a $5,000 study. They tried, but failed, to get support for that
study by the city’s recreation advisory board, reports
The Park Record (Nov. 23-26).
Whistler house outfitted with mattresses for
WHISTLER, B.C. – Firefighters recently dispatched to
a house in Whistler found enough mattresses to accommodate 70
people. The attic alone had 24 beds, separated by bits of clothing
hanging as curtains. Individual rooms had seven to 10 mattresses.
There was evidence of 10 renters at the home, but they will
be forced to leave because of concerns about fire safety. There
were zoning violations as well. Pique newsmagazine turned up
evidence of rent of $538 per person based on double occupancy,
or $680 per person for a single bed.
The Whistler Question (Nov. 28-Dec. 4) traced the situation
to Whistler’s tight housing market. Up to 20 people a
day checked for rentals at the Whistler Housing Authority, which
had only one.
Another dormitory-style house also was reported, with nine
boys in one room and nine girls in another room, each being
charged $550 each.
Prostitute extorts $55,000 from Steamboat banker
STEAMBOAT SPRINGS – A banker from Steamboat Springs went
to Washington, D.C., on business, and while there, hired an
escort to spend three nights with him at $1,000 a night.
At home again, he began getting phone calls from her. The 36-year-old
woman, described as dark-haired and buxom, threatened to tell
his wife if he didn’t send her money. He complied, sending
her $55,000 in three installments, reports the Rocky Mountain
News (Nov. 26). Still, she wanted more.
At last, the banker went to police. Following their instructions,
he stalled in order to record her threats. For reasons that
are unclear, the prostitute made good on her threat and called
the banker’s wife. Finally, though, he agreed to give
her money. When she went to the appointed place in suburban
Washington, D.C., however, she was arrested by FBI agents. Married
to a retired electrician, her side of the story is that the
banker was investing in her hair and beauty salon. That, at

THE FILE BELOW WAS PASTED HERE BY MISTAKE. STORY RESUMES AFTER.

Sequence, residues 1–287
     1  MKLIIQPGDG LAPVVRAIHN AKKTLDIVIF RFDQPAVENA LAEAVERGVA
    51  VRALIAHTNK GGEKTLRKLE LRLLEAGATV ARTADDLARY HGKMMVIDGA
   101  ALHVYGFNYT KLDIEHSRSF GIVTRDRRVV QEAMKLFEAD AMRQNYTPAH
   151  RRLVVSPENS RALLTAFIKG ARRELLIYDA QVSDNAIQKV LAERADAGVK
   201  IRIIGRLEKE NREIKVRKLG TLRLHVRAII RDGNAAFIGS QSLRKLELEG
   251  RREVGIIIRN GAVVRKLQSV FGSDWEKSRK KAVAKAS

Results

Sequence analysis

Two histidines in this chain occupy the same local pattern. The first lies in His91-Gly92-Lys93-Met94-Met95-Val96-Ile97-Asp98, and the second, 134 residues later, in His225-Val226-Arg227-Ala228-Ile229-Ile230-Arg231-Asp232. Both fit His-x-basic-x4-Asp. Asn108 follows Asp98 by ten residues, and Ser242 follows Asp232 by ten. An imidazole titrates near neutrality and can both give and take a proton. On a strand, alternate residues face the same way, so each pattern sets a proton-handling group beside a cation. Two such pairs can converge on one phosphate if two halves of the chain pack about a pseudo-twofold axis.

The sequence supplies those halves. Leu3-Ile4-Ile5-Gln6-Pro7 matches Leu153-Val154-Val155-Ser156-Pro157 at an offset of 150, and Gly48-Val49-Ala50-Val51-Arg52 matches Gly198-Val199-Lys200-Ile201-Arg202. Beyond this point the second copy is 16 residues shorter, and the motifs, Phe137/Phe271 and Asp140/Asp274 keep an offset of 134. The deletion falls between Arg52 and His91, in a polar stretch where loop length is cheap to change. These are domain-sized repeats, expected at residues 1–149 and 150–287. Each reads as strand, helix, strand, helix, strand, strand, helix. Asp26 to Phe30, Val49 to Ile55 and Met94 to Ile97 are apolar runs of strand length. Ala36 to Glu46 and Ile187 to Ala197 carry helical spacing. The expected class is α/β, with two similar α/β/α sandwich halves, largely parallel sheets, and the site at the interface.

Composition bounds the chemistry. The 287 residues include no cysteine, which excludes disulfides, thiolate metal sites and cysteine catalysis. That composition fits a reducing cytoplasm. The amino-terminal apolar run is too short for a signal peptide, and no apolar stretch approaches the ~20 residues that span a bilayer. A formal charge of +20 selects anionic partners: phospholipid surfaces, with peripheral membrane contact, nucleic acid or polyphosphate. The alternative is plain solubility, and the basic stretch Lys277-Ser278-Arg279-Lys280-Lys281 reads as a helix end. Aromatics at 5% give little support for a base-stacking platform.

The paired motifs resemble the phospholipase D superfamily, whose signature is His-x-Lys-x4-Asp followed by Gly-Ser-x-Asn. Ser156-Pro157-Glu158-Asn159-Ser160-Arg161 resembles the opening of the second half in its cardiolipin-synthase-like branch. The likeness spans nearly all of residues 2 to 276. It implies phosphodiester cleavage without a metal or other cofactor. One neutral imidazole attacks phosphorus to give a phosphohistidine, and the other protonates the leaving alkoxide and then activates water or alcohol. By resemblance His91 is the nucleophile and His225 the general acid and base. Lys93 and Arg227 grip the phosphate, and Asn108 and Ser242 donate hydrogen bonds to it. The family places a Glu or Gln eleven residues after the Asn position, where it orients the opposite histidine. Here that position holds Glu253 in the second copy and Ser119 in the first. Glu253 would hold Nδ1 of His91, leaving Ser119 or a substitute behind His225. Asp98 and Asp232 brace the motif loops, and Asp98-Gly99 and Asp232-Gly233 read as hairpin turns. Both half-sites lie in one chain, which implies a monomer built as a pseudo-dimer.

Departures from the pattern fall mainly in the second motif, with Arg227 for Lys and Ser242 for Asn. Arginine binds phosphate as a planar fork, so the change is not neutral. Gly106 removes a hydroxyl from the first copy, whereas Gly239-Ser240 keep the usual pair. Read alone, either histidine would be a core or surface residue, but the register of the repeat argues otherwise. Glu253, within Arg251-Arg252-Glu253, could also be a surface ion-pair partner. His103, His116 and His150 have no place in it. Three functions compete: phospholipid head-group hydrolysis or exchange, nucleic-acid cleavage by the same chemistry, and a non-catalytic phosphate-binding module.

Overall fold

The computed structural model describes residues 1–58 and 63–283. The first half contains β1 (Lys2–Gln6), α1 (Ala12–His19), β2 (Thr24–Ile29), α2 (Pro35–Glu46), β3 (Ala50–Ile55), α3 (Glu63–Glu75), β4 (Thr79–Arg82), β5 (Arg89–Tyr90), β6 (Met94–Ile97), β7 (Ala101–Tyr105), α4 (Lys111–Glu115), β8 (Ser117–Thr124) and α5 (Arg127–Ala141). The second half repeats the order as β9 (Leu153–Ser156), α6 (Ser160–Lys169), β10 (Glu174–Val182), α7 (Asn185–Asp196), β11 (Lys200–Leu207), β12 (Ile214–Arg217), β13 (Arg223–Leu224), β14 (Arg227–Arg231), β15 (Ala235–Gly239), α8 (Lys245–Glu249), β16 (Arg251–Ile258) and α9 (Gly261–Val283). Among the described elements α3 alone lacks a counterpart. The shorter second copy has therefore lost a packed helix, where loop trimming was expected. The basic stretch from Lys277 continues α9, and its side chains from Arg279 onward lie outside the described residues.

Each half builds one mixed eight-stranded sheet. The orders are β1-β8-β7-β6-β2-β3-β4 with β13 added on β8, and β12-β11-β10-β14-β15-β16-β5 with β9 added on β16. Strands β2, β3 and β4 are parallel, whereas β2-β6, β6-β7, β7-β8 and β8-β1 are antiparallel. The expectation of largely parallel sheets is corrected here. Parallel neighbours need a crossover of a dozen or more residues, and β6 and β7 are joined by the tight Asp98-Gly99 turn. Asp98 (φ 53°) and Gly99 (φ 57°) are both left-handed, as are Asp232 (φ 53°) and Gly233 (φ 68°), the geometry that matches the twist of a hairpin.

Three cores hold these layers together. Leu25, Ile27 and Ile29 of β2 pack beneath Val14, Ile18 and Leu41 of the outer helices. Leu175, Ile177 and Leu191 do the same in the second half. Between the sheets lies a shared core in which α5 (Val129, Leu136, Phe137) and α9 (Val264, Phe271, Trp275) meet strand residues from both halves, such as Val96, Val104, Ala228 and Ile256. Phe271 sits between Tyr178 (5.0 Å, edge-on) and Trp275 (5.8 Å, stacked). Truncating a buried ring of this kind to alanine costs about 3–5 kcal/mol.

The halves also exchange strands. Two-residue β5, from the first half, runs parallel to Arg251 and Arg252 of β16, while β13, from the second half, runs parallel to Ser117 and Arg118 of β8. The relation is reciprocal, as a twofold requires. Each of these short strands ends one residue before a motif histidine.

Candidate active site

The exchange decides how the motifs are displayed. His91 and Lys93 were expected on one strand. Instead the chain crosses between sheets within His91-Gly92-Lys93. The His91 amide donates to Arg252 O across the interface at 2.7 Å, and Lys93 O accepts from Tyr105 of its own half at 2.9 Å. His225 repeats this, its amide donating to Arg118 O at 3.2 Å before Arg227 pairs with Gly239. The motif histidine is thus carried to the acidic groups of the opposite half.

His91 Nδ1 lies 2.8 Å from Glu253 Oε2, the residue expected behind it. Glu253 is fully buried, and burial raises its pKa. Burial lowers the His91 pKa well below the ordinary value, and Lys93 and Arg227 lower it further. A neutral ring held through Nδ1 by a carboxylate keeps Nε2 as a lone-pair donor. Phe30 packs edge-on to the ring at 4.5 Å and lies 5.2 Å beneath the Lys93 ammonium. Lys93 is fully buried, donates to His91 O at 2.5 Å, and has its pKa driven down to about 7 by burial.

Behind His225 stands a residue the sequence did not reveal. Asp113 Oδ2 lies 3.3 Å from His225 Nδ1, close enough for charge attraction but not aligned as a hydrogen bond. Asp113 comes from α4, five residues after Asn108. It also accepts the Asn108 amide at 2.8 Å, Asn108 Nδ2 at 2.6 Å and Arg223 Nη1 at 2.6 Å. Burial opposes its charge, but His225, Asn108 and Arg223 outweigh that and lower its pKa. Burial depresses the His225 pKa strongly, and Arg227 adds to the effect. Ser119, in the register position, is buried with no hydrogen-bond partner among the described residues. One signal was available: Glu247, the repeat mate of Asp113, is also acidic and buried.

least, is the story she told a federal court judge in Denver.
Vail opens Blue Sky Basin expansion area early
VAIL – When Vail Resorts began promoting expansion onto
Battle Mountain a decade ago, the company’s most prominent
argument was that the north-facing bowls would give Vail early-
and late-season skiing.
Now called Blue Sky Basin, the expansion area has been open
for four seasons, and for the first time it was opened this
year by Thanksgiving. The last two winters, both slow-starting
affairs, presumably the types the expansion area was supposed
to protect again, Blue Sky didn’t open until Christmas
or later. This year was described as among the snowiest Novembers
Why has Blue Sky been opened so late? Part of the problem was
that after the expansion was proposed, the ski area operator
agreed to leave more debris along the trails as habitat for
wildlife. But environmental activists said from the outset the
expansion was all about marketing, being able to boast more
If the environmentalists were correct, as the evidence overwhelmingly
indicates, Blue Sky Basin is a big winner. Despite the fact
that it takes half a morning for many skiers to get there, they
do go. The expansion has taken much of the traffic off the front
side of Vail Mountain.
A sense of remoteness partly explains Blue Sky’s success,
while the terrain itself is another part. There are cornices
for experts, cruises for intermediates. One skier from Denver
summarized opening day at Blue Sky in his quote to the Vail
Daily (Nov. 26). “We’ve had worse days heli-skiing,”